Container ship sails into Dili harbour with 150 tonnes of emergency aid

News Stories, 12 June 2006

UNHCR emergency supplies for tens of thousands of displaced people in Timor-Leste were being unloaded from the CEC Venture at the port in Dili on Monday, June 12, 2006.

DILI, Timor-Leste, June 12 (UNHCR) A container ship carrying 150 tonnes of UNHCR emergency relief aid, including lightweight tents, blankets, kitchen sets, jerry cans and plastic sheets, sailed into Dili harbour as the sun set on Monday.

The arrival of the shipment from Darwin in Australia completes the first phase of UNHCR's aid delivery to Dili, following the onset of unrest in late April that caused tens of thousands of people to flee their homes in the capital of Timor-Leste. Last week, some 56 tonnes of aid were ferried to Dili, most from Darwin where the bulk of the aid had been flown from UNHCR's regional stockpile in Jordan aboard two Boeing 747s.

The UN refugee agency is using the supplies to improve conditions in some of the most crowded camps for the displaced that have sprung up in Dili and surrounding districts.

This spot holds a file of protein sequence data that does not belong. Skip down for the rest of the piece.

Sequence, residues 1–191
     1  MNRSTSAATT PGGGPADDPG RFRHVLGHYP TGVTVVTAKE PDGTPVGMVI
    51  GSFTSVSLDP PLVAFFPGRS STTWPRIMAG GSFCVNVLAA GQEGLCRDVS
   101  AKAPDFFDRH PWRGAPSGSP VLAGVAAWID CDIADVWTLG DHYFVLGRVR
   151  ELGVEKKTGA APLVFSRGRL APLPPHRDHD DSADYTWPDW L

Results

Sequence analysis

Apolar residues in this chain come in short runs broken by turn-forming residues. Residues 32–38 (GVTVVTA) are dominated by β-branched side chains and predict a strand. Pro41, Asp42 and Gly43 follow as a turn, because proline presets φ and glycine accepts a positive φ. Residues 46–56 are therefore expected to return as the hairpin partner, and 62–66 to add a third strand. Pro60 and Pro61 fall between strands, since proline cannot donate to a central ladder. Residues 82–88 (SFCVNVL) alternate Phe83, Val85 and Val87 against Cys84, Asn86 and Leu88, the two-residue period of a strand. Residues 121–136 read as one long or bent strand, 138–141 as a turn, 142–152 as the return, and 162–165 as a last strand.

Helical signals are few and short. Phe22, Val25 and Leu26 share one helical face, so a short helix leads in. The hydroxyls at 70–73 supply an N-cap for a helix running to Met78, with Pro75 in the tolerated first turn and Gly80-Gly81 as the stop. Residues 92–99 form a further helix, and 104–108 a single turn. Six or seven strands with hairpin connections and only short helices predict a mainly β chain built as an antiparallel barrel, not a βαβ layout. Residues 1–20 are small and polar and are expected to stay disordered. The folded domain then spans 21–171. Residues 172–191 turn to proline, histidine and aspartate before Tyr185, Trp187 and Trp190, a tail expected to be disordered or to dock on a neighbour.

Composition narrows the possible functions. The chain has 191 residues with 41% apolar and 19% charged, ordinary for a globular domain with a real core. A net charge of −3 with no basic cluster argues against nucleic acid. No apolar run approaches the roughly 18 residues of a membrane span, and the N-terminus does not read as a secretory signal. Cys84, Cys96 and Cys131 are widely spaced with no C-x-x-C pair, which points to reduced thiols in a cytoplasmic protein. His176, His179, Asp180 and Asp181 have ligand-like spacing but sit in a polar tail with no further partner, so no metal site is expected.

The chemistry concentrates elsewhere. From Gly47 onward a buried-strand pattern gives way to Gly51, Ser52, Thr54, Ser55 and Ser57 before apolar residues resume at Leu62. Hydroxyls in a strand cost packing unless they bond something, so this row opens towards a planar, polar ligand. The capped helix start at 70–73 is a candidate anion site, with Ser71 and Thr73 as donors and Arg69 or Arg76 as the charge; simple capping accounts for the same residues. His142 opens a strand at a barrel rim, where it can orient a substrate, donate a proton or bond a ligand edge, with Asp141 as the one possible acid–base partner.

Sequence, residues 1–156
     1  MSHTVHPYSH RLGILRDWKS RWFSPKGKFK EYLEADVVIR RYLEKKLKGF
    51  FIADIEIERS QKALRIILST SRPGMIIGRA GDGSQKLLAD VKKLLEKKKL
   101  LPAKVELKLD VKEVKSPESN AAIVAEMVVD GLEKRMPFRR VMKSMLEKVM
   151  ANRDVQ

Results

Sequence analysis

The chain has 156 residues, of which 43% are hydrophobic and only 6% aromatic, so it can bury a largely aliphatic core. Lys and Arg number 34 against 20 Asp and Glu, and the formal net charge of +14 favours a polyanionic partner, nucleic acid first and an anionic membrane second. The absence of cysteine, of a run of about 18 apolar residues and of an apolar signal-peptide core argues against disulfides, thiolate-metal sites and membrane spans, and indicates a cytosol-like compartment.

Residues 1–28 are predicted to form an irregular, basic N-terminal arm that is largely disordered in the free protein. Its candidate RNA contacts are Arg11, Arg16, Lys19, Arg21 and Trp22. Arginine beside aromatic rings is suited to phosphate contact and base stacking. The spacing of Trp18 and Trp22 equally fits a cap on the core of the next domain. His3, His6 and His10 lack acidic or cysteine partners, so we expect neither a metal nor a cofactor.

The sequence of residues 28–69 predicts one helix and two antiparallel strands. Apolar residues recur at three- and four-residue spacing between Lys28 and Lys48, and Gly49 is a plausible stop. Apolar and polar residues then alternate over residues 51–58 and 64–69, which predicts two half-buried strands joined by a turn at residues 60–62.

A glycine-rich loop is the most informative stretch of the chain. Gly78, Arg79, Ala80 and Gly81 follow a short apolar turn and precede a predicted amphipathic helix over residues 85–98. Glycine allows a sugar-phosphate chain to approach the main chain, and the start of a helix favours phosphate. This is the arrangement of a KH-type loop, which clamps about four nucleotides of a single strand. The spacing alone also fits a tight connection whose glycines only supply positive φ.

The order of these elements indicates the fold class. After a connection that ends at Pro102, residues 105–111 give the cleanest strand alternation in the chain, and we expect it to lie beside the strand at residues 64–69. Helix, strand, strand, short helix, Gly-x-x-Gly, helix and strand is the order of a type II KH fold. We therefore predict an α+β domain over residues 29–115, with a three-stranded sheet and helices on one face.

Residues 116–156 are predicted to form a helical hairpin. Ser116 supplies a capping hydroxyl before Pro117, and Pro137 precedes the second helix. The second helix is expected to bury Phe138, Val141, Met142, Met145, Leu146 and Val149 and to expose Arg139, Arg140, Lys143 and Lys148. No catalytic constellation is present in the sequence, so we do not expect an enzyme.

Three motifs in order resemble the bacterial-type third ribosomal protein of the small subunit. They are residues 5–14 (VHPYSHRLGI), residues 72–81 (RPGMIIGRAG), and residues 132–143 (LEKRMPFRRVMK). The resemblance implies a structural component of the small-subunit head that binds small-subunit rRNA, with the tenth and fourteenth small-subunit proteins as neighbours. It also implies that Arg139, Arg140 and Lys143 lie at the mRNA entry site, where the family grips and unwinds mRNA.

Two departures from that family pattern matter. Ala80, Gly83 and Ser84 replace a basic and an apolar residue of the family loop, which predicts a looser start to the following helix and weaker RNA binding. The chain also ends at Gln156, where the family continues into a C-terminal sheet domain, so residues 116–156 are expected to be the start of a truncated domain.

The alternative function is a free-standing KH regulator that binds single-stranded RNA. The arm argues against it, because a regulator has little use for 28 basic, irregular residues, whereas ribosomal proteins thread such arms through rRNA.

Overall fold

There is now enough aid on the ground for more than 17,000 people, and more deliveries are planned. Monday's aid shipment brought the total amount of supplies to 3,620 tents, 17,750 blankets, 3,520 kitchen sets, 3,610 jerry cans and 3,650 plastic sheets. UNHCR urgently needs US$4.8 million in emergency funding from donors for its Timor-Leste operation.

UNHCR's emergency response team leader, Johann Siffointe, said latest estimates put the number of displaced at about 67,000 people in the capital and more than 60,000 in the surrounding districts. "We are moving full steam ahead to distribute supplies to those most in need," he added.

Some of the tents that arrived last week will soon be used to ease congestion in crowded sites. "More than 110 tents are already up at the airport site organised in communities of 16 tents," Siffointe said.

"More tents will be pitched tomorrow and additional land has been cleared today. The site is expected to host 200 tents, providing shelter for up to 2,000 people," he said, adding that the first families could probably move into the lightweight family tents on Tuesday.

Planning for the provision of lighting, latrines and water points is well under way and UNHCR has been working with camp representatives and non-governmental organisations (NGOs) to identify the most vulnerable people. Australian troops called in to help restore order are providing security at the airport, including the displaced persons camp.